Neuroscience explains the prequel backlash?

io9 today links an interesting exploration of Neuroscience and Nostalgia. Included is a bit about why the prequels sparked a wave of Lucas hate:

The reaction can be partly explained by the sense of attack on our previously fond feelings. Watching the new movie automatically calls up memories from the previous series and all the pleasant childhood playtime memories associated with it. But recalling these fond memories in the context of a negative experience begins the process of re-coding, or modifying our old memories. This is an undesirable outcome for nostalgia as it is usually such a pleasant feeling. Naturally there is some resistance and cognitive dissonance when this happens and the brain will try to avoid it like any other unpleasant experience.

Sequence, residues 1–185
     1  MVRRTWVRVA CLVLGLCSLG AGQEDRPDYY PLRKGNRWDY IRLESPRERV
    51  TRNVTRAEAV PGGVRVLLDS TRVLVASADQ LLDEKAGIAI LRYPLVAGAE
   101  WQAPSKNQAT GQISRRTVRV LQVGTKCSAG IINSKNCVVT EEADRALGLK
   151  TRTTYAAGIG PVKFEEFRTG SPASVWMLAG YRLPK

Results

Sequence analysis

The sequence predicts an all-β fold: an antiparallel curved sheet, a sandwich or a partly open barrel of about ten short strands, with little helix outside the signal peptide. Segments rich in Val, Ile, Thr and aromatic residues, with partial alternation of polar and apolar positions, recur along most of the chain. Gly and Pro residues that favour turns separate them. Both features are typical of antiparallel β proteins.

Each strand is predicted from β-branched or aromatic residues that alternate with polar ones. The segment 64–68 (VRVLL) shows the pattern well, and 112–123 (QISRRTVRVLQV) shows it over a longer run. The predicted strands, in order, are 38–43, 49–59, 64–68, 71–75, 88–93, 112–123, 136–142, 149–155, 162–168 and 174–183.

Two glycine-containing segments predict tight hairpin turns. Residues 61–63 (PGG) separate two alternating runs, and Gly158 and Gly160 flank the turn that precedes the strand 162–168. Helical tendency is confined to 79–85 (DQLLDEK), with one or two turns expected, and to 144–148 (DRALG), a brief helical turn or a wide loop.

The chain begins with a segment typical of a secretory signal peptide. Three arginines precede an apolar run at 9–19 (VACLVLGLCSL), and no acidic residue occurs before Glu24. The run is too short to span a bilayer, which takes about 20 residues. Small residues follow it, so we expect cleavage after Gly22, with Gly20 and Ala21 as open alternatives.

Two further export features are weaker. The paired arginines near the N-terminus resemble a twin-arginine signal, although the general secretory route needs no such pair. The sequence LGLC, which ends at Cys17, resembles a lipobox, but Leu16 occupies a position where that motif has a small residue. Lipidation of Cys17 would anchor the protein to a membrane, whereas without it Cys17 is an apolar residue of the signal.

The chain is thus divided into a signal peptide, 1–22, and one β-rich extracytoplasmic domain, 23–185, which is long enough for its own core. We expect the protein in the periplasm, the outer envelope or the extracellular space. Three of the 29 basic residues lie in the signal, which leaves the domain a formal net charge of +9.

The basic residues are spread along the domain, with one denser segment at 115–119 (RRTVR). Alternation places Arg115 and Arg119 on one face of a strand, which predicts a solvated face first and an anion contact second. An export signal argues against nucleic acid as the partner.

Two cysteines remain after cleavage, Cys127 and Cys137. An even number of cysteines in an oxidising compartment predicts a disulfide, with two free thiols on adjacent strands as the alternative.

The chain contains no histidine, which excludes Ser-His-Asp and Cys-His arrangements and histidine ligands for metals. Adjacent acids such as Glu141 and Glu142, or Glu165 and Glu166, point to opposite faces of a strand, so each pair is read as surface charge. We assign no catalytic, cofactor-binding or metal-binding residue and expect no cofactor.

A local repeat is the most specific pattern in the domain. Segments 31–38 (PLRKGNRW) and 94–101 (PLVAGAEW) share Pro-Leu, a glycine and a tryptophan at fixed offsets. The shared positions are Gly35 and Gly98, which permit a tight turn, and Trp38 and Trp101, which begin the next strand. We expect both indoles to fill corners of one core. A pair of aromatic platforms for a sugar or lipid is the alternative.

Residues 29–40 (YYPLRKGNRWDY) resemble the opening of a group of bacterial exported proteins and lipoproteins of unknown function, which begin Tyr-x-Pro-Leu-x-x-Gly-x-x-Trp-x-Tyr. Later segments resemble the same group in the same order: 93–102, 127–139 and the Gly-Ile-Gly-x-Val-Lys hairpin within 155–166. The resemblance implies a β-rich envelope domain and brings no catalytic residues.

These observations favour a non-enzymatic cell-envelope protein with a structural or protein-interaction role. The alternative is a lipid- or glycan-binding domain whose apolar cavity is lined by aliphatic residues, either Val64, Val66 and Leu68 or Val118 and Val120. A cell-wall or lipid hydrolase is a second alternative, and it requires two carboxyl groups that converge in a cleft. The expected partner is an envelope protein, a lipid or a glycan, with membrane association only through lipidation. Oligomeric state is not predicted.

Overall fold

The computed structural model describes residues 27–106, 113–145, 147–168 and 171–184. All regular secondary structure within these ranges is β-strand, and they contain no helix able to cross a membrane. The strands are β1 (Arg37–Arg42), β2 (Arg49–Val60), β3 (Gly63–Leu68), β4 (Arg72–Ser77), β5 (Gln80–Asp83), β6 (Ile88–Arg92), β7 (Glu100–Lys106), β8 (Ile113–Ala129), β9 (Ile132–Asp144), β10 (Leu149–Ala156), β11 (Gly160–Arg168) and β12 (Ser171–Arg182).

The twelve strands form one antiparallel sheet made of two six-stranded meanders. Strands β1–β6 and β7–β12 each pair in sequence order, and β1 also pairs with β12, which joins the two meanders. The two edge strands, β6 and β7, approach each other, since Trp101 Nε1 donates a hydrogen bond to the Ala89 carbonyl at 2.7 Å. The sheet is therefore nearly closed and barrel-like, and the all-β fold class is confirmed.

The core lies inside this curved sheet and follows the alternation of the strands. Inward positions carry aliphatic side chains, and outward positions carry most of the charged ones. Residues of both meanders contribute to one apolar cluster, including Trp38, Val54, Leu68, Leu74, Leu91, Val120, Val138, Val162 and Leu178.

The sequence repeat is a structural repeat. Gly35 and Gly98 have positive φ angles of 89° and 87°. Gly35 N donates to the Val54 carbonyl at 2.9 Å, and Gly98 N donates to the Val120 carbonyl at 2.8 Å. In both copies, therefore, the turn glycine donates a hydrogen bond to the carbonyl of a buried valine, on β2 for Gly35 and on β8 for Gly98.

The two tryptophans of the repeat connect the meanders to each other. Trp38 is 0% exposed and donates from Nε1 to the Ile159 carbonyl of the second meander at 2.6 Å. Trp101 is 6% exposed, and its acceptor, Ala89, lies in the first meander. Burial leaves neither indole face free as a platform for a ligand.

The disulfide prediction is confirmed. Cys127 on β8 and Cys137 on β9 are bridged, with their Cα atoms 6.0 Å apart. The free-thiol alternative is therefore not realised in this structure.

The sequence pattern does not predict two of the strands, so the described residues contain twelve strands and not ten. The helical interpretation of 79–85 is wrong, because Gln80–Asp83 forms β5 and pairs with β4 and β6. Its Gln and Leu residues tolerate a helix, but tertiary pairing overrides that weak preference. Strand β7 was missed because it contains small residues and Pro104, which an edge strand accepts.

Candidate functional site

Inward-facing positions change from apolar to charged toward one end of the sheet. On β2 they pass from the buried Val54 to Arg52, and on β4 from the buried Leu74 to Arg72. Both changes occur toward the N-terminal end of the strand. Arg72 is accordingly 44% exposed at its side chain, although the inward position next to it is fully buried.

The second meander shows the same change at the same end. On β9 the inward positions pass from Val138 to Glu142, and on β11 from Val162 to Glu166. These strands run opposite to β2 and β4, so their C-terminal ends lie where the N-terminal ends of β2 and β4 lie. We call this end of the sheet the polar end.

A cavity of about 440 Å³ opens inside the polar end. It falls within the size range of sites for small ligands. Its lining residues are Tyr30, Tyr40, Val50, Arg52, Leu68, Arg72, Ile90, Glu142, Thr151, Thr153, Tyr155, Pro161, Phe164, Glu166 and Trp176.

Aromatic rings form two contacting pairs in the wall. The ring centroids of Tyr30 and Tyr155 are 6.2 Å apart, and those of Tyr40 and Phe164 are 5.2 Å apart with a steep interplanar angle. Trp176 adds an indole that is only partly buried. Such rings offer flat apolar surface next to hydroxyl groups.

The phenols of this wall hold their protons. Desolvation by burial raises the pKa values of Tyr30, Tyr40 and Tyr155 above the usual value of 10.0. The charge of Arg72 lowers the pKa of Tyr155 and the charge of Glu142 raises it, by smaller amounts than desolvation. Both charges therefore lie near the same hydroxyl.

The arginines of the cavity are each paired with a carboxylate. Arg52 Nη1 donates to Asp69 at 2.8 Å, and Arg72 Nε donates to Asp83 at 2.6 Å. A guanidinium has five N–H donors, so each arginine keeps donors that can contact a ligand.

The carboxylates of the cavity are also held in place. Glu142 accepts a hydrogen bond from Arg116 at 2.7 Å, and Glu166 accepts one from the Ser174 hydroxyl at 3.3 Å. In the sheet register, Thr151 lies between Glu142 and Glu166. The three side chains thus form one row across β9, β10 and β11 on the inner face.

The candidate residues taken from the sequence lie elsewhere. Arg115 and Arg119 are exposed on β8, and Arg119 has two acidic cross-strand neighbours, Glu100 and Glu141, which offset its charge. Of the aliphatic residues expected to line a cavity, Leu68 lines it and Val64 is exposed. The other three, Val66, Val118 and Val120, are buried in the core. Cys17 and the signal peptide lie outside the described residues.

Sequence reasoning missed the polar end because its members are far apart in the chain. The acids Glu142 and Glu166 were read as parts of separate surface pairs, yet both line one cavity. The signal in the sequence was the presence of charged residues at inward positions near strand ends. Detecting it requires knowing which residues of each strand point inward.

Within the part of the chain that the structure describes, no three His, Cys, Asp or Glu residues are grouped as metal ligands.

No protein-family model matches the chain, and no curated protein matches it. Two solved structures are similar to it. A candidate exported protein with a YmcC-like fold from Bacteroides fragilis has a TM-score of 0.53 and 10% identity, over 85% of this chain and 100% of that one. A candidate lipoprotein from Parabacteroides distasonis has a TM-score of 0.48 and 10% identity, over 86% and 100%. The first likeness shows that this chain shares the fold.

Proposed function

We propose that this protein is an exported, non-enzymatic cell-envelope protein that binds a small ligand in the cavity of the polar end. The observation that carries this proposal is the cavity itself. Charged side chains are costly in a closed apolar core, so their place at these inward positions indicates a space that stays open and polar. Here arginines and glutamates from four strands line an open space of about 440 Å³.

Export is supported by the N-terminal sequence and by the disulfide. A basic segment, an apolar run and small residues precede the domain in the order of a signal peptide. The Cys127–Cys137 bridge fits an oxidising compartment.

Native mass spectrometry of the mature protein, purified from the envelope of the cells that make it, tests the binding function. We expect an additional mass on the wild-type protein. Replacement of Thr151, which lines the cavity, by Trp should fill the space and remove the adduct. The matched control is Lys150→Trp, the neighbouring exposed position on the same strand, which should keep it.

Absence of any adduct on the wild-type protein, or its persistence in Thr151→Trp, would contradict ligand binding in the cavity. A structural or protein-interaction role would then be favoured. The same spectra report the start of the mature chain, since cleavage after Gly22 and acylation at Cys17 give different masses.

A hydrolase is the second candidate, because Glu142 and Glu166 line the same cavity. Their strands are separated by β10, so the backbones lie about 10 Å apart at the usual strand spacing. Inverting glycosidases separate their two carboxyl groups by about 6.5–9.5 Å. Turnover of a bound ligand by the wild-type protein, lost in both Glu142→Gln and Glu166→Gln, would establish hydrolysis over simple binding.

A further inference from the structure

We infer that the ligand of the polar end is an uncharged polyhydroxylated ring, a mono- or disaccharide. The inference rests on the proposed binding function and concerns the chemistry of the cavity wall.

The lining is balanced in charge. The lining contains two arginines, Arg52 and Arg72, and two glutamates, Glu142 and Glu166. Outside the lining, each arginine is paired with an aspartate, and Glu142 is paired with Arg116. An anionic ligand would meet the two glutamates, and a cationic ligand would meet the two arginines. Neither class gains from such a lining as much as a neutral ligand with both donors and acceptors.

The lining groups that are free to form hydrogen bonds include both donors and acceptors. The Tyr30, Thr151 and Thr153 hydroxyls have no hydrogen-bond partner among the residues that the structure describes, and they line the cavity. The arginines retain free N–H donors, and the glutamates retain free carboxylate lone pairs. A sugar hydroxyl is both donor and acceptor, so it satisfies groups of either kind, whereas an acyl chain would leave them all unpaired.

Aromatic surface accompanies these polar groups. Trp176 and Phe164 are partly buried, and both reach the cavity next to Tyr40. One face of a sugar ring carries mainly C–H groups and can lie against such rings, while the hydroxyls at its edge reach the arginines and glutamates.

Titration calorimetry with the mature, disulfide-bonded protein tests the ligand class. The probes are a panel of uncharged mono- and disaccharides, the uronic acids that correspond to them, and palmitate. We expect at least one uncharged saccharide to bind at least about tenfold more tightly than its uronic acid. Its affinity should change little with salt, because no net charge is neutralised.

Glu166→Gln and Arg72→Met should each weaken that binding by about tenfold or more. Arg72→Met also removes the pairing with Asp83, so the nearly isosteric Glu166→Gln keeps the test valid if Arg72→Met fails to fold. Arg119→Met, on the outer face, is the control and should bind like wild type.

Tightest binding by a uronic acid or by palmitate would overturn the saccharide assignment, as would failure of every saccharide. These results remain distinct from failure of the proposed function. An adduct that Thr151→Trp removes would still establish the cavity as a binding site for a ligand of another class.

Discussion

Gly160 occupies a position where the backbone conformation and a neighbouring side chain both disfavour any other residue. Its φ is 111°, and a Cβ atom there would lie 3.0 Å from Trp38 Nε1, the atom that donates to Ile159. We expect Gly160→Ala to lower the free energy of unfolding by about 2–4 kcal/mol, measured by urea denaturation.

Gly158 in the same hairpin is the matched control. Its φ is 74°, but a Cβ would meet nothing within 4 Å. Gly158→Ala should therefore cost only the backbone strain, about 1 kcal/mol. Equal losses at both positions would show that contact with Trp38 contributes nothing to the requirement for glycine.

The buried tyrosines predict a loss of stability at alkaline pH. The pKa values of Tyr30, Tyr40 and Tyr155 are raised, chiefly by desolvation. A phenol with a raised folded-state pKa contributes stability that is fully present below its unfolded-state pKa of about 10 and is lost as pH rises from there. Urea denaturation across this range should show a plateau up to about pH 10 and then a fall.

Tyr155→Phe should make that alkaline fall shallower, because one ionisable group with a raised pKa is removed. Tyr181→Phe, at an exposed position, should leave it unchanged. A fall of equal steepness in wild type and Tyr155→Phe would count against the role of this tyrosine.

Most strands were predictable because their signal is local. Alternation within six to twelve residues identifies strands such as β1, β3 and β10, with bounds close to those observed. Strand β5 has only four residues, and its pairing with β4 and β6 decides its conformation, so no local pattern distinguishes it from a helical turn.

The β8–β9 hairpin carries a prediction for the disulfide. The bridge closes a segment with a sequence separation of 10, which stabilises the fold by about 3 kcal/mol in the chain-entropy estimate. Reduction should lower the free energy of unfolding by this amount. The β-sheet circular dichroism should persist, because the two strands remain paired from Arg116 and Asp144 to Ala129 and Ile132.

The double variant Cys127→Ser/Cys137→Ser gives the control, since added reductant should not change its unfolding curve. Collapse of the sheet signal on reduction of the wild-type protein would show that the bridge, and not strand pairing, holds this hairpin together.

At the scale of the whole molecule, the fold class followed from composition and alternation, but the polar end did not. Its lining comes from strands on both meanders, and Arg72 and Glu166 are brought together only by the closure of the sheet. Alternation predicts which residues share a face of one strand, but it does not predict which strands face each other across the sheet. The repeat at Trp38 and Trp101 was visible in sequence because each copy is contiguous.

So, George Lucas did rape your childhood… From a certain point of view. Ouch.

Alas, it really can’t explain why I spent the late 90’s calling for the head of Kevin J. Anderson… Or does it? We all have our demons, I suppose.

2 Replies to “Neuroscience explains the prequel backlash?”

  1. I sometimes wonder if my early disappointment at the hands of KJA is responsible for how chill I was/is about the PT.

    I know for sure that’s why it’s hard for me to get pissed off about things like the NJO. Sure, it wasn’t that great, but it still wasn’t as bad as the JAT. (And LOTF wasn’t as bad as the NJO, and hopefully onward…)

  2. I guess I’m one of the few to think KJA wasn’t that bad of an author, but I haven’t read everything and hardly anything since someone flew a star killing ship into a star. (Dating myself?)

    Plus, I just went on a tear on that article, but to recap, I don’t think it’s about new stimulus versus memory, I think it’s about standards. Lucas just seems like he doesn’t give a turd about his baby. From a film making standpoint, it makes me feel like he lucked into Star Wars at the right time.

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